Two years ago, JASA approached Wyckoff Heights Medical Center (WHMC) about the project, noting that it could help Wyckoff reduce its high 30–day readmission rates. Wyckoff staff do not do home visits, so the care transitions program fills an important gap for vulnerable, medically complex patients. The care transitions services through this project are available to individuals hospitalized at Wyckoff who speak English or Spanish, are over age 60, live in the target zip codes, and have no serious mental illness or substance abuse issues. JASA receives approximately 40 referrals per month. The program has successfully doubled its patient caseload in the two years since its launch and has capacity to scale further in the coming year.

The staffing model is both effective and cost–efficient. The care transitions teams are comprised of care transition specialists, discharge specialists, social workers and peer health coaches. The care transitions specialists coordinate services needed after patients are discharged, including access to community–based self–management and other social services. The discharge specialists help ensure patients understand discharge instructions, medication regiments as provided upon discharge, and other details surrounding the management of their conditions. The discharge specialists are typically international medical graduates who have not yet identified a residency or practice position in the U.S. While these team members do not provide clinical services, their medical education background allows them to recognize potential concerns, which they raise to either the inpatient care transitions team or to the patient´s primary care provider. The peer health coaches are older adults from the targeted community, culturally similar to the clients served. Because project staff meet clients in the hospital, they are screened, registered, and trained as volunteers through the Wyckoff Human Resources Department.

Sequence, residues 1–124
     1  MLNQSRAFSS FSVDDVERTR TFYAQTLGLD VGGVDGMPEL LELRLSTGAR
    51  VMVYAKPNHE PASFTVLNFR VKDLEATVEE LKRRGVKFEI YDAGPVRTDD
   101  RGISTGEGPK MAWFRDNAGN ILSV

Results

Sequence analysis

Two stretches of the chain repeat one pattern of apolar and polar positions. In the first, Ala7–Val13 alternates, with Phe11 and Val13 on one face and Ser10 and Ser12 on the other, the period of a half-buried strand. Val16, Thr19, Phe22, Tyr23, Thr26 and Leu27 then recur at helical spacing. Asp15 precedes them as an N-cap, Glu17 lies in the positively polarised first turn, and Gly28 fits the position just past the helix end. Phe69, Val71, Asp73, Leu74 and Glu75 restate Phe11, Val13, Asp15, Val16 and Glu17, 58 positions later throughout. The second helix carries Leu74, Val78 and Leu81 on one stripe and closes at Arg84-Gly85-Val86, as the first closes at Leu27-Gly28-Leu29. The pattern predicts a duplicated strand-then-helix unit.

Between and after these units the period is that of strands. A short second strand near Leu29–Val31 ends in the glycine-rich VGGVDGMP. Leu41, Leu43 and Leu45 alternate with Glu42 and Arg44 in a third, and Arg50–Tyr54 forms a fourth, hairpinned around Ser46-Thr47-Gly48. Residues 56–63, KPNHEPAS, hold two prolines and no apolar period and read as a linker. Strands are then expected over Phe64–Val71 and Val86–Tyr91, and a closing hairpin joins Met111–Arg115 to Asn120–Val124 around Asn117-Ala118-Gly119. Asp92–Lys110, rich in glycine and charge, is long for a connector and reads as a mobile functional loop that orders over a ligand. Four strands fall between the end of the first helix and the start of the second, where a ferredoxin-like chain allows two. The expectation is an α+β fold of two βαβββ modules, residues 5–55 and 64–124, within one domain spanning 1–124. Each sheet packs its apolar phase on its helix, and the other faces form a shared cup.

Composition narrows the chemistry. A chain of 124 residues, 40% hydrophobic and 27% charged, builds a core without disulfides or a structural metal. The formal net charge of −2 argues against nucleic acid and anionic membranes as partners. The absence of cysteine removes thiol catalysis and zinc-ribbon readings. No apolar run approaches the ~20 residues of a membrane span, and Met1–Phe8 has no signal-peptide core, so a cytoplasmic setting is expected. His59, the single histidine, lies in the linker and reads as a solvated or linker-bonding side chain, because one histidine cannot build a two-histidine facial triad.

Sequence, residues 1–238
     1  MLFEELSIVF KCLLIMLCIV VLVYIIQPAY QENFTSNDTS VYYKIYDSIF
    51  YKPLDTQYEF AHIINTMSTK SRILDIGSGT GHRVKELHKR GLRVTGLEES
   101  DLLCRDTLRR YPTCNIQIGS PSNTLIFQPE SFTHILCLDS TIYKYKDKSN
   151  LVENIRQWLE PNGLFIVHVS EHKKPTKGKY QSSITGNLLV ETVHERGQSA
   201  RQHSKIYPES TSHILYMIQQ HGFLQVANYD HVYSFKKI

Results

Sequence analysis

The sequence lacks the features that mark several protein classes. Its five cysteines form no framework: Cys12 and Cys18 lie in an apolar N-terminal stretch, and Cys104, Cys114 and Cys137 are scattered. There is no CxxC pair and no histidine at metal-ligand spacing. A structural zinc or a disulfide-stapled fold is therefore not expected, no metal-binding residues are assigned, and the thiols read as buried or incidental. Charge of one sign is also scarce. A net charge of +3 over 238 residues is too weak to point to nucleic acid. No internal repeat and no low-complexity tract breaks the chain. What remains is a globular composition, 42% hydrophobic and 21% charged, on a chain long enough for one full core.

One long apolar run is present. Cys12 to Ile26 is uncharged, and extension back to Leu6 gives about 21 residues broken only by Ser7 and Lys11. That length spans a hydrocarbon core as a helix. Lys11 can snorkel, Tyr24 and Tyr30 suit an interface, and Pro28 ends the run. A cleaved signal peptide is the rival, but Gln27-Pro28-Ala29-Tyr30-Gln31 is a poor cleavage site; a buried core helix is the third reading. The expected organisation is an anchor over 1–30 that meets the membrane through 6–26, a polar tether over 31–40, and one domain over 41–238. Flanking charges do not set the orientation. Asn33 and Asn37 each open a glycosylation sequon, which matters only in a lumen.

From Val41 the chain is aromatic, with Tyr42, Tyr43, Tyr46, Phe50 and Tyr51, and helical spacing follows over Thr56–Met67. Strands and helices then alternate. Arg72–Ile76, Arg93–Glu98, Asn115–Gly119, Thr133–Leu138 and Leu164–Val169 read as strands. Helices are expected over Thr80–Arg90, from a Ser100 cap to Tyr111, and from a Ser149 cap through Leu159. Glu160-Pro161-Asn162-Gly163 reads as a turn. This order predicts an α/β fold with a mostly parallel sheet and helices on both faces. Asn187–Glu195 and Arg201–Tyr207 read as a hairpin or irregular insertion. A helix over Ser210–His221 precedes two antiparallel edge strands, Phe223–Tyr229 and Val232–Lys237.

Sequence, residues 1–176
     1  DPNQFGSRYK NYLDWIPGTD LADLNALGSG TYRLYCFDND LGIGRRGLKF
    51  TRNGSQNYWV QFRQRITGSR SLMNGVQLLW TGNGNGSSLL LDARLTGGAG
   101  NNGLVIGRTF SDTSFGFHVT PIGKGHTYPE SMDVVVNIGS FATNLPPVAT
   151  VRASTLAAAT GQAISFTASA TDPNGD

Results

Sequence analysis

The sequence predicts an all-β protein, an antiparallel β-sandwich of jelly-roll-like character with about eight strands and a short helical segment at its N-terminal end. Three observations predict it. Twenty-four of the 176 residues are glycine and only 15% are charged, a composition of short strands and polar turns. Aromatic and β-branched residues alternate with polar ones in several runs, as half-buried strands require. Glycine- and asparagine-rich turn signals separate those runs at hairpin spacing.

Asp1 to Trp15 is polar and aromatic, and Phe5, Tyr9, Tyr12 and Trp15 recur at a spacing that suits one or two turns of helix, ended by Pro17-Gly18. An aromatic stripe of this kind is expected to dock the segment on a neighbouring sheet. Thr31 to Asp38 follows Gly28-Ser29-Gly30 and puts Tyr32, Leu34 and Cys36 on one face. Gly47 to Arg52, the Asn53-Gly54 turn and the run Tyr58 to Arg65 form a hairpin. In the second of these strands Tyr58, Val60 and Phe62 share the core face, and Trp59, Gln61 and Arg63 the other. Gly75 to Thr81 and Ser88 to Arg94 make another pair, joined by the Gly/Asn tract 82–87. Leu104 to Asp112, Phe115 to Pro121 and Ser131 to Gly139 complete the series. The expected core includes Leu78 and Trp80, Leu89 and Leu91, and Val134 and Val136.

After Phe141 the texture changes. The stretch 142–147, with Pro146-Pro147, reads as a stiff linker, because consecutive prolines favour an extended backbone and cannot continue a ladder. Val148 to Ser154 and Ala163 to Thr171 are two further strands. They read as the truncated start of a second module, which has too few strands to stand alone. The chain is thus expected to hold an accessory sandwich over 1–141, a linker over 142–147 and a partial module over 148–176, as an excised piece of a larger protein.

A care team member meets the client in the hospital, providing an opportunity for a "warm handoff" and for initial identification of post– discharge needs. Access to the client while in the hospital is somewhat atypical, prohibited by some other facilities, possibly due to concerns about liability. JASA staff feel that this early access is a demonstration of Wyckoff´s commitment to a productive partnership. It strengthens the program by facilitating patient engagement post–discharge and promotes effective collaboration and trust between staff of the two organizations who are in regular in–person contact with one another.

JASA project staff visit clients in their homes within 48 hours of discharge to complete a follow–up assessment. During this visit, staff check that the client understands his or her medical condition and its management, is living in a safe and clean environment, and has food and any needed durable medical equipment. In addition, project staff provide linkages to resources (e.g., Meals on Wheels), assistance with medications, and planning for follow–up physician visits. The peer health coaches serve as community health navigators and provide longer–term, targeted support, consistent with need. A licensed counselor is also available to visit patients who have difficulty leaving their homes. Although the project is focused on reduced 30–day hospital readmissions, services are provided for longer, if needed.